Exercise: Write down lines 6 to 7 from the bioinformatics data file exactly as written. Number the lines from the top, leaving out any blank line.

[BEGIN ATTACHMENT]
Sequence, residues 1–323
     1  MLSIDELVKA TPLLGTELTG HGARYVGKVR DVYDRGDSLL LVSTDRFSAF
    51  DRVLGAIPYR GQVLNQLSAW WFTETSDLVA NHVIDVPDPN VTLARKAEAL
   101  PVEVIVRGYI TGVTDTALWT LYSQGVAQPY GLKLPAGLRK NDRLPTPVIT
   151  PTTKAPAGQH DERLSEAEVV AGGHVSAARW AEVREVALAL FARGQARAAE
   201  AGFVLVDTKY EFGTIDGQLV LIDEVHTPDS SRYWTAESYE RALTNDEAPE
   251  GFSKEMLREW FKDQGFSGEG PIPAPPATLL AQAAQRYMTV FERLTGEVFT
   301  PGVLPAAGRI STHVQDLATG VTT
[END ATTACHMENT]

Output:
   201  AGFVLVDTKY EFGTIDGQLV LIDEVHTPDS SRYWTAESYE RALTNDEAPE
   251  GFSKEMLREW FKDQGFSGEG PIPAPPATLL AQAAQRYMTV FERLTGEVFT